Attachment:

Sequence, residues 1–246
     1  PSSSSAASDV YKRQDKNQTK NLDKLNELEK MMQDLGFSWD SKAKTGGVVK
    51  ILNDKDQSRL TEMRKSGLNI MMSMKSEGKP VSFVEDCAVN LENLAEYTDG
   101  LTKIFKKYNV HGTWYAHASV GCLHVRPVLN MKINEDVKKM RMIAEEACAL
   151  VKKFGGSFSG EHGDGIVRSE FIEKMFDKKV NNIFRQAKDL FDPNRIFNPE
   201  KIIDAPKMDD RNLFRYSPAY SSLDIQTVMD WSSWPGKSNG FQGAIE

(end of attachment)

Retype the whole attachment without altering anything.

Sequence, residues 1–246
     1  PSSSSAASDV YKRQDKNQTK NLDKLNELEK MMQDLGFSWD SKAKTGGVVK
    51  ILNDKDQSRL TEMRKSGLNI MMSMKSEGKP VSFVEDCAVN LENLAEYTDG
   101  LTKIFKKYNV HGTWYAHASV GCLHVRPVLN MKINEDVKKM RMIAEEACAL
   151  VKKFGGSFSG EHGDGIVRSE FIEKMFDKKV NNIFRQAKDL FDPNRIFNPE
   201  KIIDAPKMDD RNLFRYSPAY SSLDIQTVMD WSSWPGKSNG FQGAIE